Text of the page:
Comic Book Review: Mighty Morphin Power Rangers #30
How this creative team has challenged the Power Rangers so far has made Shattered Grid a story we could never forget. The unparalleled power of Lord Drakkon real knocks you at the edge of your seat when he is such a clever villain for his ability to expose every weakness in being a Power Ranger.
The opening scene for this issue was quite the shocker. The one thing you have to continue loving about the comic series for Power Rangers is that they are more daring. The very things you wouldn’t have expected from the Power Rangers or their enemies have somehow happened through the events of these past thirty issues. Not that I’m arguing because these are dire times when you have a villain so hell-bent on obtaining the power of the power grid for himself. At the cost of everything around him as well. So who Zordon and the commander turned to for help changed everything. I was actually thrilled because this seemed like the best time to pull the “Enemy of my enemy” card. With that said, what this team-up led to was a point of interest since their method of taking down Lord Drakkon wasn’t as direct as the rest of the Rangers who were out on the frontlines. It wasn’t direct, and of course it wasn’t exactly according to plan.
Like the issue before, I also enjoyed how they have further pushed the interactions between these Rangers. With so many together in the same place, that opened the floor to new encounters from the usual. While it was all quick words to one another, it was still cool nonetheless to see what happens when you put together those who are brilliant, well-equipped, and similar in style. It teases for something good to come once it is time for everyone to hit the battlefield.
I will admit that the speech given by Jason was probably the strongest line of dialogue I have ever reader from this character. I honestly have never been the biggest fan of him, but this changed things when he has grown to that point where there is nothing else in front of him aside from being the leader and saying what needs to be said to psyche everyone up. Overall a smart play when it comes to setting the tone for what’s to come. The execution of the big battle was pretty crazy. So much going on from page to page and honestly there was a lot of Rangers I had never seen fight before till now. Many were used in creative ways and were met with a newer version of Lord Drakkon who was equally prepared for what they had to throw at him. The twist in what he could do now shot him further past that point of most villains who thought they could handle the whole of the Power Rangers on this level.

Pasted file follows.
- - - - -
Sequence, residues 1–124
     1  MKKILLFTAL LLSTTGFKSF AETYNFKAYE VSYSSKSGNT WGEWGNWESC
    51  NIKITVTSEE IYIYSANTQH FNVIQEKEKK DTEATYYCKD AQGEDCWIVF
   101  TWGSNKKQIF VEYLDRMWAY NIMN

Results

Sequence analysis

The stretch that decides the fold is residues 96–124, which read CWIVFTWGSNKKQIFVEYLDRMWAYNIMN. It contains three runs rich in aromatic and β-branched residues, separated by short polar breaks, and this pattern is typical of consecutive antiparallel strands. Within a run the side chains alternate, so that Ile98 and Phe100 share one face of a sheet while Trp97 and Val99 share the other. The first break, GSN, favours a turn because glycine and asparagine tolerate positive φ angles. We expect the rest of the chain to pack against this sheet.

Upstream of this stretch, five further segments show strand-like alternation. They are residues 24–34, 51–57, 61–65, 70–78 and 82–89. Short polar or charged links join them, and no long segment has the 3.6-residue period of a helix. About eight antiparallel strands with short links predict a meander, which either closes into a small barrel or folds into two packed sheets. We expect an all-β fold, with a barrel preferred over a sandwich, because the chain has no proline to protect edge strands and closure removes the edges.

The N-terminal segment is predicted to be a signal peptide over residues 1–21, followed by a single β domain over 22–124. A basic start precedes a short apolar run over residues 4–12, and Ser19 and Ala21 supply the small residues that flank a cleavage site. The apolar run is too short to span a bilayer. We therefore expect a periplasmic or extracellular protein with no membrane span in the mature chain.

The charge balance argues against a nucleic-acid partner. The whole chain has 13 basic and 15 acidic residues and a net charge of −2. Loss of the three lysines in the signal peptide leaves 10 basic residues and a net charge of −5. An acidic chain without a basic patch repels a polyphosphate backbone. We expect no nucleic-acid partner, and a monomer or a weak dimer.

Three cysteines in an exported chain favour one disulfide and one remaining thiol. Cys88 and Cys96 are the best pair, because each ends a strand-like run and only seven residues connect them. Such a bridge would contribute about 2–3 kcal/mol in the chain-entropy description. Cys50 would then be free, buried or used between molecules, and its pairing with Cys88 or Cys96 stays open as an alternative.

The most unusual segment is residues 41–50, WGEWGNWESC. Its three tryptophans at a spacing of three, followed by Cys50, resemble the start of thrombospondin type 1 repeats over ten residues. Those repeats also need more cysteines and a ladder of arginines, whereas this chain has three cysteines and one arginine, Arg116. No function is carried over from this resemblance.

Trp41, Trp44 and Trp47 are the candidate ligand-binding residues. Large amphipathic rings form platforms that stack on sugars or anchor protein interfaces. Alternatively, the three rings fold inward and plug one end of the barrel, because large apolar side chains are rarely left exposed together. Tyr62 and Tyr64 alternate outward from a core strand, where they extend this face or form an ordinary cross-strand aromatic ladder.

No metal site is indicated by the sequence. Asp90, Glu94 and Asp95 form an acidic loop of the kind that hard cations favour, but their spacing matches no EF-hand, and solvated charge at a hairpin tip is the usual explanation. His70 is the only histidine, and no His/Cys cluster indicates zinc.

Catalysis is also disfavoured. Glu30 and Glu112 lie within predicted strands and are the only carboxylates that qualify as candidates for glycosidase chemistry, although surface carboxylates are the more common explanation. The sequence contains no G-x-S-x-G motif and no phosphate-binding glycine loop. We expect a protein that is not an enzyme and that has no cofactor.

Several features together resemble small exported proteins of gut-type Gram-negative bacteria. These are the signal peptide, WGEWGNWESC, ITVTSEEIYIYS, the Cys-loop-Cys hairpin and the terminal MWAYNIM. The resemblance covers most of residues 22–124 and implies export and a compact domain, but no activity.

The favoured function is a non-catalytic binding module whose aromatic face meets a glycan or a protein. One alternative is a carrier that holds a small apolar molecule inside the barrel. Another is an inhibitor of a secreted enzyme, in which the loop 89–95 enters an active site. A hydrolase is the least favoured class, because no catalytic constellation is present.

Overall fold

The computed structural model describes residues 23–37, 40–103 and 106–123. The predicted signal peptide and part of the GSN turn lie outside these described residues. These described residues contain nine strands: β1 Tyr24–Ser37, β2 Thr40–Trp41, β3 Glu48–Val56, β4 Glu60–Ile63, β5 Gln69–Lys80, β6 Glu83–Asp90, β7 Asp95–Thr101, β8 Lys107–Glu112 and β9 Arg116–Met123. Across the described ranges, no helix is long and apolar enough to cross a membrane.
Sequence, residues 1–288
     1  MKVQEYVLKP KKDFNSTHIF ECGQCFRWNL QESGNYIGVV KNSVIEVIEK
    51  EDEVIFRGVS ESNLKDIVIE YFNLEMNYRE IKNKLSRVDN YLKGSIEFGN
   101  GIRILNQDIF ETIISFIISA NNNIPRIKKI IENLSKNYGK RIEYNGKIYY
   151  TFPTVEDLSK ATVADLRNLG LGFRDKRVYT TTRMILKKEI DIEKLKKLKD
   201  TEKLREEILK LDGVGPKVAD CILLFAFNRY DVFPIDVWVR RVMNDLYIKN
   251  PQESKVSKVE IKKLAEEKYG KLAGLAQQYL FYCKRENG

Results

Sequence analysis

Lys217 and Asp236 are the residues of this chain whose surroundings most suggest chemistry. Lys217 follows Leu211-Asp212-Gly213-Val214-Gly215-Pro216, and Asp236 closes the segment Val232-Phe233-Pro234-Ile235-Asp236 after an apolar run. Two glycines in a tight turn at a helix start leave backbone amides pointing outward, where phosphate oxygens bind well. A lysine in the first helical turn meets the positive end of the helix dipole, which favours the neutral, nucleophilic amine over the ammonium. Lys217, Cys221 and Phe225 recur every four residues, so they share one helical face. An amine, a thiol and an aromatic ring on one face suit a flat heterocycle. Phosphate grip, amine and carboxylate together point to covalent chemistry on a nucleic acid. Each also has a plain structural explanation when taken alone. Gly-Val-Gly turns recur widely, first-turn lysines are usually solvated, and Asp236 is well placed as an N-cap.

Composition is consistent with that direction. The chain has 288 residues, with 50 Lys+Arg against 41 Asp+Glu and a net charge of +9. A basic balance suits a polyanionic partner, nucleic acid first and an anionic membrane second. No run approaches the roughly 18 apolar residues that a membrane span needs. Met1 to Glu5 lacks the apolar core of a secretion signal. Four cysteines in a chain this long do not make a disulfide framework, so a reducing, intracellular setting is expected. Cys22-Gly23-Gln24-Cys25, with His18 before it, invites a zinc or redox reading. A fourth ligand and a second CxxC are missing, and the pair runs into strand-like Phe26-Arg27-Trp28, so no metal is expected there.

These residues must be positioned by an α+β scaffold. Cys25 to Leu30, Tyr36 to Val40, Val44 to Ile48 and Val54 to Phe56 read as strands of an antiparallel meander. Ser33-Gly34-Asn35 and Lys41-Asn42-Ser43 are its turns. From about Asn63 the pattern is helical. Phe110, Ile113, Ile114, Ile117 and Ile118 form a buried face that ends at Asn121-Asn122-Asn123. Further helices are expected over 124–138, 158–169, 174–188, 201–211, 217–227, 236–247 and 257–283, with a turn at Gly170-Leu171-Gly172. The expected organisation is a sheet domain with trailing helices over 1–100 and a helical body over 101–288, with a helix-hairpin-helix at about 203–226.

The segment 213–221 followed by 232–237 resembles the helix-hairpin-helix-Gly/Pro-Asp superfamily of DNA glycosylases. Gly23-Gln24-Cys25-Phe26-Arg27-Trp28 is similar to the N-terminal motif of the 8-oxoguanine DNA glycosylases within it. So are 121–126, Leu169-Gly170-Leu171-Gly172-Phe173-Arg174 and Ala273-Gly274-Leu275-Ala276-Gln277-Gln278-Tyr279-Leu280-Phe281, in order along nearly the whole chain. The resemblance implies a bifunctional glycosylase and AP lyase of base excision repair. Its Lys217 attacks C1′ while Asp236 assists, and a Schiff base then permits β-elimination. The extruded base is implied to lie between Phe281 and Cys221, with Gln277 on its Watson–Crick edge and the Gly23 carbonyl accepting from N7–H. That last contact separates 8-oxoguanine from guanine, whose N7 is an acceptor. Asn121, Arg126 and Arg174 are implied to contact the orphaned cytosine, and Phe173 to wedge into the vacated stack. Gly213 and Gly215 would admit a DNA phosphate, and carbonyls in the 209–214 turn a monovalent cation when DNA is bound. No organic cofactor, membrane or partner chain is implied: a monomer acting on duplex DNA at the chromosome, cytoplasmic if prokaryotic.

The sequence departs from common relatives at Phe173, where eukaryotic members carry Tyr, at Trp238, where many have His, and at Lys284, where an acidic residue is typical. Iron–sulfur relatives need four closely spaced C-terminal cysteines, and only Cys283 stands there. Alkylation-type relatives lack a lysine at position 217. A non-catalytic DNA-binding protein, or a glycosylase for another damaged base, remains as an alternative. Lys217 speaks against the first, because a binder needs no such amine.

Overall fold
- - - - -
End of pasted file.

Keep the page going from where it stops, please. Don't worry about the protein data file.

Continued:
For the kind of battle that this was hyped up to be, I was very impressed by the art team’s work. There was so much going on in this issue that I found myself engaged with. So many Rangers I have never seen before, abilities, weapons, it was all refreshing from what we have seen in other battles up to this point. What was so different this time around was the sheer number of pages that too up a whole action sequence. To some this is very cool when you have a physical copy of the book, though bold if you have digital since you can only focus on so much at once. That aside, there was no overlooking the new way that Lord Drakkon took to battle a new sword. The effect of what this one could do was unique for the intention in every swing of his. The color work really stood out between the variety of colors seen through the many Rangers involved in the big battle, and the way Baiamonte approached the big heroic speech by Jason. The bright colors and lighting there really set the right atmosphere you expect when being able to see these Rangers for the heroes they have built themselves up to be in these moments.
Mighty Morphin Power Rangers #30 definitely left us with that feeling like this could easily be their last mission. I mean how do you fight someone who can snatch powers so effortlessly? Someone who commands Zords that can level theirs as if they are gnats? However this ends, I just find myself so captivated by the fact that it will take a well they have not dug into yet. This is how you breathe life into a war and make the stakes real.